Mom, Dad...what did you do when you were in the Air Force (Army, Navy, Marine Corps...)? What did you learn and what were your responsibilities? I was thinking about these questions as my wife Connie and I recently visited the BX and Commissary at Selfridge AFB not too long ago. If you were raised in a military family, or raised your family while you were in the service, there were certain expectations. A discipline, instilled by commanders and peers alike, and filtered down to the kids. Rules and respect were the norm. Sacrifice was just how it was. Your choices were limited and endless at the same time. There was one movie theater, but it could be in Europe, Asia, or Minot ND. Friends changed with assignments, but there was that common thread that you shared. Just like the servicemembers, the family had bonds with everyone in their situation. Rules.... responsibilities....discipline and caring for each other.
What did you do?... Well, I was a Pilot (Crew Chief, MP, Ranger....) and my responsibilities were X,Y and don't forget Z. You could get all of that from your last OER, OPR or Fitrep (insert any appropriate DoD Form number). But that never tells the story, just the summary. You were responsible for your job, and that of your squadron mates. To cover them as they did for you. And that extended to the family. When Lt. Smith was deployed, Capt. Jones and SSgt. Johnson and their families checked in. Made sure lawns got mowed, carpools ran and babysitters were on time. We cared for our own, and that always included the family.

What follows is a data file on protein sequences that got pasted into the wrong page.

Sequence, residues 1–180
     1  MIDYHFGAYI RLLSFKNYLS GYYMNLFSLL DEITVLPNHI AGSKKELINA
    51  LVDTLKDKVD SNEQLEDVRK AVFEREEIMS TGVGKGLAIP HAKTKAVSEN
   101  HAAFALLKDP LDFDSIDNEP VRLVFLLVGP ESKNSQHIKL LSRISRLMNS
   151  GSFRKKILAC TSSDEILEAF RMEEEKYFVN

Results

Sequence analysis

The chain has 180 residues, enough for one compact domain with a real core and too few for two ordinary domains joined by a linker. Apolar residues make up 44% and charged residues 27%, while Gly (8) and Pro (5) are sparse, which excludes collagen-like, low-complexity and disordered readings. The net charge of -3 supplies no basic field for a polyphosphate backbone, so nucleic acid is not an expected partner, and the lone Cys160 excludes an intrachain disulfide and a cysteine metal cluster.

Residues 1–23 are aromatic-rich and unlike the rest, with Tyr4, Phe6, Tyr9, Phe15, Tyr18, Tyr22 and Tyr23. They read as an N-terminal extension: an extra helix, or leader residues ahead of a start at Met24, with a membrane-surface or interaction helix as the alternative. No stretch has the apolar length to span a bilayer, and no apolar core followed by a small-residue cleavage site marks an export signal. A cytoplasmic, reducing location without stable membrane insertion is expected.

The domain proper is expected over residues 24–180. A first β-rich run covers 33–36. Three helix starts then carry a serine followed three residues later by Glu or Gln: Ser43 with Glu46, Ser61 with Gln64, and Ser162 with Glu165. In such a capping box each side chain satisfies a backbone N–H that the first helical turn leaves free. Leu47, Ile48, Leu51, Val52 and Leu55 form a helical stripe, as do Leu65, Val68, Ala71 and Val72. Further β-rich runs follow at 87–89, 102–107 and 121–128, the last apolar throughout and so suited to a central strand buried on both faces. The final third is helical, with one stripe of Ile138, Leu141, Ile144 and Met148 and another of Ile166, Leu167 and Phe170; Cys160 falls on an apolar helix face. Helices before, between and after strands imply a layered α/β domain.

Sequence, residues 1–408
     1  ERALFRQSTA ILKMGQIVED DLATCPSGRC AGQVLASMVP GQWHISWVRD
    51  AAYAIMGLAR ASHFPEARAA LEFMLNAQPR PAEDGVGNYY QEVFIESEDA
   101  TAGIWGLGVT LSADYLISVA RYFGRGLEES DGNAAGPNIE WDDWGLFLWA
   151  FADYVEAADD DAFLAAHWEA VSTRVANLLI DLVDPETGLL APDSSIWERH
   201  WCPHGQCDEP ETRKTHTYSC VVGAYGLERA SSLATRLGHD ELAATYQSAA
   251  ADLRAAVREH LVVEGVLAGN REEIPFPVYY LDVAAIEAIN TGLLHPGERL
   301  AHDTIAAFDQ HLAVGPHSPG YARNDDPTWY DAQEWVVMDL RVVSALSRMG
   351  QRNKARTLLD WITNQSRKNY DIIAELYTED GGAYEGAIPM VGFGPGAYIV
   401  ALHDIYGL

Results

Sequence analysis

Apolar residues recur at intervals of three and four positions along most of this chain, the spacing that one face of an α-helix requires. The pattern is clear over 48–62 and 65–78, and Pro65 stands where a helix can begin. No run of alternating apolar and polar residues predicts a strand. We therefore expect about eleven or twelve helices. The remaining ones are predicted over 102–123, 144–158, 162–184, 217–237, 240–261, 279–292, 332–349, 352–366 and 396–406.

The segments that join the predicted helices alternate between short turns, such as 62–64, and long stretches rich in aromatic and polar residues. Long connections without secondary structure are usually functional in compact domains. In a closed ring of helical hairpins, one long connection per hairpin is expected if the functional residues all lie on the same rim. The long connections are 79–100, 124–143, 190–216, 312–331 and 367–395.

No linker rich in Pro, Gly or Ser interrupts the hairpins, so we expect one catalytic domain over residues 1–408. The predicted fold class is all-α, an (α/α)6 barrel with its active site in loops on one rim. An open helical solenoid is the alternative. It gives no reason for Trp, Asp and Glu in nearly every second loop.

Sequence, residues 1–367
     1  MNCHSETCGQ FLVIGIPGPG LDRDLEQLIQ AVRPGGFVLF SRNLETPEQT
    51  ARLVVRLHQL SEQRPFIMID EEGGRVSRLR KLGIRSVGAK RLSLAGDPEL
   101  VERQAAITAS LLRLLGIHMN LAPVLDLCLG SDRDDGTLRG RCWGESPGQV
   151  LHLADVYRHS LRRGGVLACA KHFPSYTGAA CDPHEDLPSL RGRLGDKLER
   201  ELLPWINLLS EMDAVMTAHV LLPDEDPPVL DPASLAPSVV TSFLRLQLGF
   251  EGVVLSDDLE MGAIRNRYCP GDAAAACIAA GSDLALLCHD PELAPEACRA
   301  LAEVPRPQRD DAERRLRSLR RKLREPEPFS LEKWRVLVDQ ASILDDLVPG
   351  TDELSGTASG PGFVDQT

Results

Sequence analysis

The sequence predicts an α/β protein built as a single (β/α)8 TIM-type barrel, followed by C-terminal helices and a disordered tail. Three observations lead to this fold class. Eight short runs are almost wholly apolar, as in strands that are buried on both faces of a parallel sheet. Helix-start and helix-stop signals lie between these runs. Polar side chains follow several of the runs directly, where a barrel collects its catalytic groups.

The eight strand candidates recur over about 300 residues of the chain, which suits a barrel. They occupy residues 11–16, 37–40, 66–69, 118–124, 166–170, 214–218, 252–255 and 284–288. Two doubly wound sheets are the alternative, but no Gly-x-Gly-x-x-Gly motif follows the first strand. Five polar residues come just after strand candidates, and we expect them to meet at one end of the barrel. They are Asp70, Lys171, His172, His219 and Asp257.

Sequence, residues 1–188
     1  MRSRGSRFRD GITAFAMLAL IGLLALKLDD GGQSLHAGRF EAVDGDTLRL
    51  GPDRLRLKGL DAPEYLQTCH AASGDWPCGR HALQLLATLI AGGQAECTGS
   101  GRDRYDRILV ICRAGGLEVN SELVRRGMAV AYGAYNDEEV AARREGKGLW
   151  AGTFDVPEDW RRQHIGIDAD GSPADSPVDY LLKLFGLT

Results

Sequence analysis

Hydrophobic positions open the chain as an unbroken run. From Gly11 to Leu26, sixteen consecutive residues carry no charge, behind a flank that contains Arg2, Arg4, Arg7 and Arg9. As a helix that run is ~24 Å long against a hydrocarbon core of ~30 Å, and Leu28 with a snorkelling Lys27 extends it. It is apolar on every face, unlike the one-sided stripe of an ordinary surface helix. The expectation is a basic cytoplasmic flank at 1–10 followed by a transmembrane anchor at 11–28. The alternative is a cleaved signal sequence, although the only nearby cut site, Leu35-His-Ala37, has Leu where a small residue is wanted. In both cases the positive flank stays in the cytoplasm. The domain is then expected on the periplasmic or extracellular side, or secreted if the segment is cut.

What I learned as we walked around the Base Exchange was the difference in the families shopping. Broadly the same demographics as my own home town, they were...different. Courteous, for the most part. The kids may have been thinking about throwing a fit, but it was always under control. The parents didn't need to either yell or coddle. A simple look, a quick and understandable explanation and it was over. The kids weren't bugging for that candy or toy, as they seemed to know it wasn't in the budget. If it were, they knew they would have it. If they needed it, they got it. And appreciated it. Great lessons for all of us.
One of the many things that struck me was our walk to the car. In the whole parking lot, there was ONE shopping cart. You just didn't leave them for someone else to deal with. You (or your 10 year old) took it back and put it where it belonged...for the next family to use. No trash in the lot, or in the carts. There were rules, responsibilities and discipline. And that's what I learned from my time in the service.
By Spud at pilotballcaps.com